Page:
Santesson, S., "X.509 Internet Public Key Infrastructure Online Certificate Status Protocol - OCSP", RFC 6960, , <>.
Lennox, J., "Connection-Oriented Media Transport over the Transport Layer Security (TLS) Protocol in the Session Description Protocol (SDP)", RFC 8122, , <>.

Appendix A. Practical Considerations

A.1. The choice of selector

There are 4 types of data that can be used as unique identifiers for certificates: full certificate, SHA-256 fingerprint, public key and serial number. Although TLSA record supports storing a full certificate or a public key, the size of a full certificate or a public key (typically 2048bits) is still too large. The size of a SHA-256 fingerprint is 32 bytes and each certificate should have a unique one. As for serial numbers, we examine about 2.5 million serial numbers in our downloaded CRLs, and we find that the size of the largest serial number is 20 bytes, and the average size is 17 bytes, which can represent 2^136 different serial numbers. Although the serial number is only guaranteed to be unique under the same CA, we consider the probability of such a collision to be very low, and using the serial number can reduce the amount of bytes transferred. Therefore, we believe that the serial number is the best choice for the certificate's identifier.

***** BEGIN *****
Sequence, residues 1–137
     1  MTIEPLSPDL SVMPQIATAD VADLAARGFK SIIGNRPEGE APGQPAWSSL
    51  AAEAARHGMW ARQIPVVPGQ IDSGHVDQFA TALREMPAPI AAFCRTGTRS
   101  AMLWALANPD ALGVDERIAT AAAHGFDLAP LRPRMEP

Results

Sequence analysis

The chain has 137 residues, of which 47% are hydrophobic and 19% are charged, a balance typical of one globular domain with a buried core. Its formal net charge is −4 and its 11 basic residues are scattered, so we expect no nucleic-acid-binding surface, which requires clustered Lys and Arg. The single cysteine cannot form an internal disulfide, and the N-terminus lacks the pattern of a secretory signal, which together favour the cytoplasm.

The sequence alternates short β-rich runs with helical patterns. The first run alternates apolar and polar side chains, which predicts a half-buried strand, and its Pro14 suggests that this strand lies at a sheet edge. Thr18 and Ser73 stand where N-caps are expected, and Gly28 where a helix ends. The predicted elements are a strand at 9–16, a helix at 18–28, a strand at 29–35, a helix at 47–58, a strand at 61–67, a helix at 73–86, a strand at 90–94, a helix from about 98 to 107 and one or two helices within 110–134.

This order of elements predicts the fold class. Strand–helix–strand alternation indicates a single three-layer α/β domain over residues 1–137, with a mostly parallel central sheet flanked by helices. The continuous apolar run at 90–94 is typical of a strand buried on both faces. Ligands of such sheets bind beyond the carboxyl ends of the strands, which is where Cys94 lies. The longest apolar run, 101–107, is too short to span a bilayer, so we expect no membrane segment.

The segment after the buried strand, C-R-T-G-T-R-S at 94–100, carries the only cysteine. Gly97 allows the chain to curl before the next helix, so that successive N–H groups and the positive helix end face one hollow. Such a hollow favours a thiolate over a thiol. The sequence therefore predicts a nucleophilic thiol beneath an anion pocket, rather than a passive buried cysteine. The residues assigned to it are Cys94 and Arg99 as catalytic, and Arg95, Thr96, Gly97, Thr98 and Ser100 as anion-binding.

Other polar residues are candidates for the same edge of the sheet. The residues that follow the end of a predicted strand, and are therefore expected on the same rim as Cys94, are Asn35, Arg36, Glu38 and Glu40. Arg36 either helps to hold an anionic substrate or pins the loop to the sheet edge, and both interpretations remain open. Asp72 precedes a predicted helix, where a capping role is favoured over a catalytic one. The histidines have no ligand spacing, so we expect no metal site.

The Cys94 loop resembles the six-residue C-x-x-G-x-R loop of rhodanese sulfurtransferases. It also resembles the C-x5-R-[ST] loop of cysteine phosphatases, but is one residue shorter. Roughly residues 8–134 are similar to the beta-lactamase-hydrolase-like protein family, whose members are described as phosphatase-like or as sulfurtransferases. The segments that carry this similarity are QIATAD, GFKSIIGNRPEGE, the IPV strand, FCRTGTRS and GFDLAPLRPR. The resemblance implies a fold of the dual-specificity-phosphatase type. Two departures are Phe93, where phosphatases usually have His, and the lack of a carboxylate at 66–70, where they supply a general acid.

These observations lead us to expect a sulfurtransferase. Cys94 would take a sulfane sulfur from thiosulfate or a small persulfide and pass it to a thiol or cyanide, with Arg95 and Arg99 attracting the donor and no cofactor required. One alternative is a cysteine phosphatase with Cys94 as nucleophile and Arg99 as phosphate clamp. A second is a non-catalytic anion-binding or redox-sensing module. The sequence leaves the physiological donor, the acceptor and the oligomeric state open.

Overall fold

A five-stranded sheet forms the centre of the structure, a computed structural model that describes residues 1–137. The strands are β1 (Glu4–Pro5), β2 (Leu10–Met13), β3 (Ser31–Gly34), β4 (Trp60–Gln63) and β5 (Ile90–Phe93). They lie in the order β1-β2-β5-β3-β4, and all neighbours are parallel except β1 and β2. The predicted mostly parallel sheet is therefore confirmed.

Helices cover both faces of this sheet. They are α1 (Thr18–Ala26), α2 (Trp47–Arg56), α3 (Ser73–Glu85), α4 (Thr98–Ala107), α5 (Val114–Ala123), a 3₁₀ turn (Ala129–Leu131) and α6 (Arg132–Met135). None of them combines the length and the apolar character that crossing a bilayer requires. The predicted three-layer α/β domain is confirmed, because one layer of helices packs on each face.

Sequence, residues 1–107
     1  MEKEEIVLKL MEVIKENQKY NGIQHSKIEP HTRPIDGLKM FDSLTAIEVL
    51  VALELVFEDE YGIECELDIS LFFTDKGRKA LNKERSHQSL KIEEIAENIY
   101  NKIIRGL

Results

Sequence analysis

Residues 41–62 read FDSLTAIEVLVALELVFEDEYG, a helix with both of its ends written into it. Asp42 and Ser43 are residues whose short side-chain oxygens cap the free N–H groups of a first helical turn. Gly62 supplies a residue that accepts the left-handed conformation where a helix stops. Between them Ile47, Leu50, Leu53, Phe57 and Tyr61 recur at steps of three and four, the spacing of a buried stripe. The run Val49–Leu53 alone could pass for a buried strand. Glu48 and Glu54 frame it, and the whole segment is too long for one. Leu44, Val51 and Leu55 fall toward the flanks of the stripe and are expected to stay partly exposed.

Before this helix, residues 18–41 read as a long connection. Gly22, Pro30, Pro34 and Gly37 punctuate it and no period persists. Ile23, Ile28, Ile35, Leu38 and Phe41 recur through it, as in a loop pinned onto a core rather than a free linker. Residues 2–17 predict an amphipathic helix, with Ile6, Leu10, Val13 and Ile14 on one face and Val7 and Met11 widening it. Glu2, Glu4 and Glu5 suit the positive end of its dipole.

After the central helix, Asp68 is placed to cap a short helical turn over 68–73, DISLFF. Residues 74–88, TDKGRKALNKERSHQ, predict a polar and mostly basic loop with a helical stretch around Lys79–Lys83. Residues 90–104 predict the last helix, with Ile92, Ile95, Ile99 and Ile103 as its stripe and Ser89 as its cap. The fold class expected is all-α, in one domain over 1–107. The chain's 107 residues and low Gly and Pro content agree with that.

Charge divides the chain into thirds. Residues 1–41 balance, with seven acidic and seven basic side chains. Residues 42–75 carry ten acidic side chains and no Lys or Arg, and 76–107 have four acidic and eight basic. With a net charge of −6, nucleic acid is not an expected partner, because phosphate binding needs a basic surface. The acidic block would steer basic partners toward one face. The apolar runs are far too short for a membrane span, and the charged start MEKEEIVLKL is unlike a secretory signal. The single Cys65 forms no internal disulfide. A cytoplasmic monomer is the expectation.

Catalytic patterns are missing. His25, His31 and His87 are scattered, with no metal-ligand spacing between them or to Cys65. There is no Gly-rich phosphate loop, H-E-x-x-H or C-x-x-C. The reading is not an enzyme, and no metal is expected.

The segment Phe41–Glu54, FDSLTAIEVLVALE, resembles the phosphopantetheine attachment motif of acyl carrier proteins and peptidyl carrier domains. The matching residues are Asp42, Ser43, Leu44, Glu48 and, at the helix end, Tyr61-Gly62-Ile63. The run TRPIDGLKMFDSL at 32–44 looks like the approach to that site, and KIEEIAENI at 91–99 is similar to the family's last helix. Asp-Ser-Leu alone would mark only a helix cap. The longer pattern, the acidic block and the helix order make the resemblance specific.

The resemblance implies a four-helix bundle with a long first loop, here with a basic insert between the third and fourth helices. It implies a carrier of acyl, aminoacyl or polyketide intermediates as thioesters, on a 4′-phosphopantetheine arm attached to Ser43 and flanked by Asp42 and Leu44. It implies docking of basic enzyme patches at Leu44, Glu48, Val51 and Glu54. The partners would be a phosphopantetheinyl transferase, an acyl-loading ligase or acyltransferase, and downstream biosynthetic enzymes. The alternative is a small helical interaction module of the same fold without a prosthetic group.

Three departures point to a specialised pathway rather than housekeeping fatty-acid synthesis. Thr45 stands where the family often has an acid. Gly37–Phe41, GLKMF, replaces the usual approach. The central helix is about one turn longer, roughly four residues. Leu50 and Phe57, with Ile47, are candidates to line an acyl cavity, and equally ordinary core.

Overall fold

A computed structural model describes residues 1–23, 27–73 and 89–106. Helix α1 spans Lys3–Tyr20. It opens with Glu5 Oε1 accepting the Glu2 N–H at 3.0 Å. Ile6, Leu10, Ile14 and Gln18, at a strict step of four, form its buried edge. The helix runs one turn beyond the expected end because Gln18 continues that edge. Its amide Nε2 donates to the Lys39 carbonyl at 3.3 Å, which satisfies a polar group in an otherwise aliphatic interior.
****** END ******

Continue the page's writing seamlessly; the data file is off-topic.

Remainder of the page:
A.2. Parallelize the DNS queries

The TLS client can query the domain's IP and certificate revocation list in parallel. This means that the client does not have to do the DNS query AFTER it receives the certificate. Instead, the client can get the revocation list BEFORE receiving the certificate. Therefore, the time overhead brought by our scheme can be minimized.